Cutler Calls for Greater Review of Medical Marijuana Impact
3/17/2016
HARRISBURG – State Rep. Bryan Cutler (R-Peach Bottom) this week raised concerns about legalizing medical marijuana, including the impact of bypassing the Food and Drug Administration (FDA) product approval process as well as how current federal law would affect banking and gun ownership. Other possible consequences include loss of rights for workers as well as property and land owners.

“While Senate Bill 3 was well-intentioned, I could not support it because of the many interactions with other laws,” Cutler said. “Until the federal government reclassifies this drug so studies can be done, supporting medical marijuana would be subjecting not only the Pennsylvanians who choose to use the drug at risk, but also a whole host of others. We must focus on minimizing the risk those in the Commonwealth face while balancing the needs of patients. That is why I voted for several amendments that would have broadened access while being federally compliant, but these amendments were not included in the final bill.”

Federally, marijuana is classified as a Schedule I drug under the Controlled Substances Act, meaning it has a high potential for abuse, lacks accepted medical uses and lacks safety for use under medical supervision. Because of this, the federal government does not permit the use of medical marijuana, and medical studies are limited on any effectiveness of the drug.

“I am concerned that my affirmative vote on the bill would have set the path to circumvent the FDA product approval process that has been in place for more than 100 years,” Cutler said. “There are a lot of life-saving drugs that are not advancing through the clinical trial process quickly enough, but that doesn’t mean we should put those drugs in the hands of Pennsylvanians without properly testing them first.”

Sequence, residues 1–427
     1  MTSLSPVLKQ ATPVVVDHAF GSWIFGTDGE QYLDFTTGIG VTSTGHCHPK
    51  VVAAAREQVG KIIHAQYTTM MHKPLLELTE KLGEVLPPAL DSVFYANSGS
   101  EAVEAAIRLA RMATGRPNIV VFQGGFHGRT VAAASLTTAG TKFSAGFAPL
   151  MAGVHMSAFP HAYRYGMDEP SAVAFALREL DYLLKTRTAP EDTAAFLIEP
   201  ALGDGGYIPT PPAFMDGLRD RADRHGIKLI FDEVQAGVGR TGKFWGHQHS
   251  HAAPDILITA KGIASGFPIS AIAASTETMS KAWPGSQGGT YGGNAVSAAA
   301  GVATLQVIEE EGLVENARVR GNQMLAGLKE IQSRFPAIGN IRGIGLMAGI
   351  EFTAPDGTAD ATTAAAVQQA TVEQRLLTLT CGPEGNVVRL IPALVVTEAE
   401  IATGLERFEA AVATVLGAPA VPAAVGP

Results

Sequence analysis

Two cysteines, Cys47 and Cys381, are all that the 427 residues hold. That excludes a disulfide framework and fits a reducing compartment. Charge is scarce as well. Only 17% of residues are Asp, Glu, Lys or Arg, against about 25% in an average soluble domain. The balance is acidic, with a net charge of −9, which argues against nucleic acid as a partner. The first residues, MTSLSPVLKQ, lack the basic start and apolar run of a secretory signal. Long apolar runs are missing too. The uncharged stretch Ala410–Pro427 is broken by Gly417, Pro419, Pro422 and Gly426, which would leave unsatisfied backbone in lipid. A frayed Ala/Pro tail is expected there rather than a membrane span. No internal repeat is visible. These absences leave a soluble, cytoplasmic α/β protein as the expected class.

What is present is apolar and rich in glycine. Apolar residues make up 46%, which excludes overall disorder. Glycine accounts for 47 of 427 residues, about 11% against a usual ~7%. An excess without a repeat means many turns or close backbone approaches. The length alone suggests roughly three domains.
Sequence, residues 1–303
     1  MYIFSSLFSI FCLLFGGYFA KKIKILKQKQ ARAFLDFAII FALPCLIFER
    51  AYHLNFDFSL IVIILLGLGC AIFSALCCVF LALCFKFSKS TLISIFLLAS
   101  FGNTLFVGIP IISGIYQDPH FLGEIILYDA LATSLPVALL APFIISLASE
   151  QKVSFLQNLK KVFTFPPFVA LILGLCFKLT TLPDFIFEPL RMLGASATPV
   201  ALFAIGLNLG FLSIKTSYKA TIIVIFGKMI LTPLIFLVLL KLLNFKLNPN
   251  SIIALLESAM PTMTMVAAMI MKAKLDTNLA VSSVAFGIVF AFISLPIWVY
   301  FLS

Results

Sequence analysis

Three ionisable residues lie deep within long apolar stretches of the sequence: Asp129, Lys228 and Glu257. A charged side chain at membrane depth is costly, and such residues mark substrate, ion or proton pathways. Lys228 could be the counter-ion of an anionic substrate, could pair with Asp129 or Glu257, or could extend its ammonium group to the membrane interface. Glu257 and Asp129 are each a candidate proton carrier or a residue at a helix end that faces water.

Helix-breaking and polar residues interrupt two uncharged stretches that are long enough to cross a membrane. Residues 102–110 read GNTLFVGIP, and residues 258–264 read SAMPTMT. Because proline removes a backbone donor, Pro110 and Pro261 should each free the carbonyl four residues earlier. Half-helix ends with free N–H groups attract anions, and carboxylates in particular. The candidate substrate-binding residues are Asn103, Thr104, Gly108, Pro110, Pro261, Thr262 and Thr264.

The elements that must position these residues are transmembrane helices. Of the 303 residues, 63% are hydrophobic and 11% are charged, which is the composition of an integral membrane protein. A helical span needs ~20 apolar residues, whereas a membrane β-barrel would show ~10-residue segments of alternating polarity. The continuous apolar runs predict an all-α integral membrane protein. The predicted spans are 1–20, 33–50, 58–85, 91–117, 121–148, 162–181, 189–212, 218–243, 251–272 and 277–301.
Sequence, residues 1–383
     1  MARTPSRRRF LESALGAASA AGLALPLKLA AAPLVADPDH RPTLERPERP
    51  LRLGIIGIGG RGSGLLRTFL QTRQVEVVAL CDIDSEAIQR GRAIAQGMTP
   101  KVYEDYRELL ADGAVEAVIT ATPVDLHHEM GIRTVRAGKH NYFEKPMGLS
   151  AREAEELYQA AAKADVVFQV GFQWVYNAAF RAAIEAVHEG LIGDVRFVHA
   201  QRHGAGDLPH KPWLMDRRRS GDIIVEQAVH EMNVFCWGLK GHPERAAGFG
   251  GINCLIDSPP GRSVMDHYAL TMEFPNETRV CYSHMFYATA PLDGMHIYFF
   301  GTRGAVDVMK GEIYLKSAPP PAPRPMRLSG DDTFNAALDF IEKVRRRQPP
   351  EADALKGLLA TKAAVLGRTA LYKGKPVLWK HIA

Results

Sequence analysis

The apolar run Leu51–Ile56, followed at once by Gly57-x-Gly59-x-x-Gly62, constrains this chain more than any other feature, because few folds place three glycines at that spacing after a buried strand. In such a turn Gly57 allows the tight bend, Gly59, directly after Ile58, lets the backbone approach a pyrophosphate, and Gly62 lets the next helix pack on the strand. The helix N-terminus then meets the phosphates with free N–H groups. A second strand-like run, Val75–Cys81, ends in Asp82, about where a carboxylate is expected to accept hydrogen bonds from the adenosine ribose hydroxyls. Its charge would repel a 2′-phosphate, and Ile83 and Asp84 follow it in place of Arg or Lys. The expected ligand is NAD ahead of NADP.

Both the American Medical Association and the Pennsylvania Medical Society have agreed that more research is needed on medical cannabis.

In addition to medical concerns, medical marijuana also generates logistical issues. Because of its Schedule I status, medical marijuana must be purchased primarily in cash at marijuana dispensers, which could lead to false accounting and tax fraud and make the dispensaries targets for robberies.

An unintended consequence of Senate Bill 3 is the impact that it could have on patients who would unknowingly commit a federal crime; federal law prohibits anyone who uses medical marijuana from owning a firearm. Gun dealers would be prohibited from selling to anyone who they know uses the substance.

Medical marijuana also has the potential to put users at risk of losing their jobs and prevent them from receiving unemployment benefits. Additionally, it may subject property owners and land owners to prosecution who provide locations for dispensaries.

Despite Cutler’s negative vote, the bill passed the House and now goes to the Senate for a vote on concurrence.

 

To view footage of Cutler’s comments during debate of Senate Bill 3, click here.
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